[00:35:00]I, and if you mind, wants to make a living off of trading crypto that’s a pretty common thing. When I talk to people in the younger generations is they want to do something else. They don’t want to work a job. So there’s a new dynamic coming up in our culture here in the U S now this is mostly a us dynamic, the first party companies right now haven’t been impacted as much. Because they’ve got culture, they can pay more, they, they’re not being forced by the the, in the outsourcing world to have 8% margins or whatever the average rate and outsourcing is. Somewhere around there, right?

[00:35:36] Seven to 8%, the great ones run just over double digits. So the first parties have more money. They have better cultures. They invest in more training historically, and I’m generalizing, right? That’s not always the case. There are some great BPO’s out there that do excellent at building those things, but that’s the dynamic that is correct.

[00:35:56]Pretty I would say it’s impacting first party companies and contact centers and their sales teams directly, but not near as much as it is the BPO in the outsourcing market. So the dynamics of that is that those jobs, sooner or later, if they’re being, if they’re hard to fill those are gonna be pushed to near shore, right?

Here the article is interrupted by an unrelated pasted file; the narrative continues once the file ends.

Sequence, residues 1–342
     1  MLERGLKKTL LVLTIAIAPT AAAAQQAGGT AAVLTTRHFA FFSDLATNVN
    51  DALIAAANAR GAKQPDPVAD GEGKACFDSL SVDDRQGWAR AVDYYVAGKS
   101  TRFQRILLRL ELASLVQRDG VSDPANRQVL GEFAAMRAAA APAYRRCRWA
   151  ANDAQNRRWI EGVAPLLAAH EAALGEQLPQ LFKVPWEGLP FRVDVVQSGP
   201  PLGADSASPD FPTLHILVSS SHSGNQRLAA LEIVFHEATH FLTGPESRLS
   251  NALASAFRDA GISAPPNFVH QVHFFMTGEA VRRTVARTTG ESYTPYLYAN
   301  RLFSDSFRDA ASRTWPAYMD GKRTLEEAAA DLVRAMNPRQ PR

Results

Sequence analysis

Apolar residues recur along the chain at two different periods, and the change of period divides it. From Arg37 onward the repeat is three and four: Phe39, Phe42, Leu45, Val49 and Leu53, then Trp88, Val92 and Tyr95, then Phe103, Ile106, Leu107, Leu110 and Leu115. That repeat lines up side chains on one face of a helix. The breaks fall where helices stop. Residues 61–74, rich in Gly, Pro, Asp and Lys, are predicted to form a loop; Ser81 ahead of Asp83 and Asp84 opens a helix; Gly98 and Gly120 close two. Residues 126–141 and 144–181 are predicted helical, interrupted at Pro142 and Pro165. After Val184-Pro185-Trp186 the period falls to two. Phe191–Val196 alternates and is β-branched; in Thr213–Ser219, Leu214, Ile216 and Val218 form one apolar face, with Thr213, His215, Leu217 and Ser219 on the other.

[00:36:15]Logically it’ll be pushed out of the U S and once companies get comfortable in budget lines of $15 an hour, as opposed to $30 an hour, it’s going to be really hard to convince them, to bring those jobs back. Yeah. The labor issue in the states is we’re watching it very closely and having a lot of conversations about this because.

[00:36:36]The dynamics of supply and demand are only natural. And because of the because of this, as these holiday seasons start to come up, the supplies are going to get super than it’ll be interesting to see the dynamics, but yeah, think this is longer term than just. Because of the stimulus.

[00:36:54] Right.

[00:36:56] Jason: [00:36:56] I agree. I think what you said is that because of the pandemic, because of the constricting, companies cutting back, people becoming unemployed, the stimulus triggering it. But also like you said, like positions that are gone temporary, long-term, think about restaurants, call centers, where people say, okay, I just going to do something else.

[00:37:14] I’m going to take this as the opportunity. To reinvent myself, go a different path, go down something, go after something I wanted instead, or I thought about and then it’s just that vacuum again of the personnel that are available. And I love what you said, tying it back to the culture, which is strong cultures, mission, vision, something you’re moving for.